● The system depends more than ever on investor faith in central banks. One issue that caused the last credit bubble was excessive investor trust in the abilities of central bankers, both to keep inflation low and understand how financial innovation worked. Logic might suggest this blind faith should have wilted after Lehman Brothers failed. Not so; these days all manner of asset prices are now being propped up by a sunny investor belief that central bankers know what they are doing with quantitative easing; even though nobody has tried it on this scale before, or knows how to exit.

● The rich have become richer. The Lehman Brothers crisis triggered a surge of popular anger against wealthy elites; hence the rise of the Tea Party, Occupy Wall Street and other protest groups. But that has not caused elites to lose wealth. On the contrary, one (largely unacknowledged) consequence of QE is that this has raised asset prices and thus benefited the asset-rich wealthy elite, widening inequalities. The Bank of England, for example, calculates that 40 per cent of the QE benefit has gone to the top 5 per cent, including those bankers.

● Financiers have been prosecuted – but not for the credit bubble. After the Lehman collapse, politicians demanded banker prosecutions, and initially this seemed likely to occur. After all, almost 2,000 financial professionals were convicted following the 1990s savings and loans crisis in the US. But while senior financiers have been hauled off in handcuffs since 2008, this has generally not been due to credit bubble issues (think, for example, about Bernie Madoff, Alan Stanford, Raj Rajaratnam, Rajat Gupta and so on).

● Fannie and Freddie are alive and well. Back in 2008, it seemed self-evident that the rotten entities of Fannie Mae and Freddie Mac were overdue for reform; indeed, it was a crisis in those state-backed housing finance agencies in August 2008 that started the chain of events leading to the Lehman shock. But five years later, Fannie and Freddie are more entrenched than ever, accounting for more than 90 per cent of the US mortgage market, up from 60 per cent before.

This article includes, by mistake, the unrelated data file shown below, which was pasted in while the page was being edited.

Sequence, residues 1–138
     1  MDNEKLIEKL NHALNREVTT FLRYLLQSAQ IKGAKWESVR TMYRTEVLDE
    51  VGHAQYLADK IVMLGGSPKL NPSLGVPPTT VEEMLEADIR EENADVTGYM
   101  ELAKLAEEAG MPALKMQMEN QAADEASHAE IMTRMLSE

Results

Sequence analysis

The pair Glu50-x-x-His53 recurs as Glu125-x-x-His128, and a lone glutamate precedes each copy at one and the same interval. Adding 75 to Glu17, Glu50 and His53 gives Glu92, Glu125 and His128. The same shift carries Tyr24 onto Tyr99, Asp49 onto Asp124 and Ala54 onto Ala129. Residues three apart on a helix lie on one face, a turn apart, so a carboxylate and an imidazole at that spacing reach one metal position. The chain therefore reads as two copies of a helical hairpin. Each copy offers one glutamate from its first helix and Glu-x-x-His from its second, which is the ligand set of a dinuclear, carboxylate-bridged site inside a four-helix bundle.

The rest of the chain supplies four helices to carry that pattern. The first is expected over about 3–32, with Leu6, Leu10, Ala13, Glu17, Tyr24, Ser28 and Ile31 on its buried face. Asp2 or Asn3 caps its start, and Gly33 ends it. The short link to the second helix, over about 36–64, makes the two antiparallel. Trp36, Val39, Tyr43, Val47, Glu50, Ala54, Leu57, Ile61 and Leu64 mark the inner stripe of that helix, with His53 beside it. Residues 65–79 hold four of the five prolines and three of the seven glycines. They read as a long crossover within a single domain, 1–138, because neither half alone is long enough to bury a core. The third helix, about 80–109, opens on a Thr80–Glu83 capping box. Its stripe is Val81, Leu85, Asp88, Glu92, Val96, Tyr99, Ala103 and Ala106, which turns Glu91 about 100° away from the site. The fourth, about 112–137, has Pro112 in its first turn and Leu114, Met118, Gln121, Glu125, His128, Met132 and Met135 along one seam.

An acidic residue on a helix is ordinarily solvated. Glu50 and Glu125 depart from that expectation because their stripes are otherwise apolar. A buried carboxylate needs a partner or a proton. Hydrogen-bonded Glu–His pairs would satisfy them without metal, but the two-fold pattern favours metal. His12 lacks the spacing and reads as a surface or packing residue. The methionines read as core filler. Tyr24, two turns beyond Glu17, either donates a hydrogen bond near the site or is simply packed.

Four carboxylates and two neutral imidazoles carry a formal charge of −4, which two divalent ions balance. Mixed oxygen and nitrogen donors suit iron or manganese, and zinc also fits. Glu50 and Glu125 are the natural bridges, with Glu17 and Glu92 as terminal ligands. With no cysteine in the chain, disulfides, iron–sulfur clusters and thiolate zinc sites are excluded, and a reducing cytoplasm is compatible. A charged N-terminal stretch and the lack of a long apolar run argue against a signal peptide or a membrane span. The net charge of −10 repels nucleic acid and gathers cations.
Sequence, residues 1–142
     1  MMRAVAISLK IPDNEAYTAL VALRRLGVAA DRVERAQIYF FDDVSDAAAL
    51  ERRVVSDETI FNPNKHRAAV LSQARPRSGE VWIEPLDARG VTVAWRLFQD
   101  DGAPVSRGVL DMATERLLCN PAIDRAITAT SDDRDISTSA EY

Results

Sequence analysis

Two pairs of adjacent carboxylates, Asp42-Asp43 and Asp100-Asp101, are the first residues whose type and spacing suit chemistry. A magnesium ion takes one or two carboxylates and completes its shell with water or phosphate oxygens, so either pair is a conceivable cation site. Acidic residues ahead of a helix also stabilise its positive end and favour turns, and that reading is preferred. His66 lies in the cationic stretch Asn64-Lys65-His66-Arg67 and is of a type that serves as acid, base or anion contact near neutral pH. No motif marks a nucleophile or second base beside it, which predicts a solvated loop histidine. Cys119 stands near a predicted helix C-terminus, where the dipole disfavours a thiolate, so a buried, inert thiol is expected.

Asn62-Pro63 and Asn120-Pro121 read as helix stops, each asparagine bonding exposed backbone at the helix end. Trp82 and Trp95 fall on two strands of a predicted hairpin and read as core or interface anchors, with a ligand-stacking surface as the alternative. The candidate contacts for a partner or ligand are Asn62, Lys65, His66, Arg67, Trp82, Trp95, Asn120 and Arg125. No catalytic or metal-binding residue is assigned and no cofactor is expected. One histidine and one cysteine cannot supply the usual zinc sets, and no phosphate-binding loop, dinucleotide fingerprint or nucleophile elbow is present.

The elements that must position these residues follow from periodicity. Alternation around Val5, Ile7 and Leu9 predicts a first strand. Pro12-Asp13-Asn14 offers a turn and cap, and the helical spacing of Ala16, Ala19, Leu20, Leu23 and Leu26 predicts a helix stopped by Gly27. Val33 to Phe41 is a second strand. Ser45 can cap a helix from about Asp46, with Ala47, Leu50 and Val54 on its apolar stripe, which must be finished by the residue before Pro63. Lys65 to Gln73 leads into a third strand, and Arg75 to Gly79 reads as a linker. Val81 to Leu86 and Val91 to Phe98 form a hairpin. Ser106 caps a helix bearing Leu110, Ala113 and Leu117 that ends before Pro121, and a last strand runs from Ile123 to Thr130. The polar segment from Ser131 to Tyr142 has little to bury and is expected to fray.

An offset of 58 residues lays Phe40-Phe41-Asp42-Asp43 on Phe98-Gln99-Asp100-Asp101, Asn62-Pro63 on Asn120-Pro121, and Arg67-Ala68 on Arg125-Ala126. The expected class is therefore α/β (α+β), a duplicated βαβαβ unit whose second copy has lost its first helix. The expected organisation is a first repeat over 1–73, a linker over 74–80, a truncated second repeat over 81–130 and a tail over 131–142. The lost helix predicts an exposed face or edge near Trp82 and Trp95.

An optimist might argue these six factors are just temporary distortions; some observers might insist they were inevitable. Housing would have suffered badly without Fannie and Freddie underwriting the mortgage market, for example. But if nothing else, these issues are a potent illustration of the law of unintended consequences, and a powerful reminder of the vast amount of work still to be done before we have a financial world that looks both sane and safe. 

Hat tip to Tom for this

 

Fuel is being poured on to global bond markets. Toby Birch uses the analogy of the game "Buckaroo" to describe how artificially low interest rates and market manipulation by central banks will end in tears.

Bond Market Buckaroo by Toby Birch

Many leaders are tentatively declaring the end of the recession but readers should be wary of the pitfalls ahead. Just as endless credit creation by the banking system pumped up the property market in the past, so the vast issuance of government debt has fostered a superficial aura of prosperity in the present.

 

And if you thought anything was learned from the sub-prime mortgage crisis which led to $trillions in bank bailouts, bank support and bank losses, the architects of the last crisis are back in business:

Subprime lending execs back in business five years after crash By Daniel Wagner

After the Meltdown: Part two in our series looking at the impact of the financial crisis of 2008

Hat tip to Maggie for this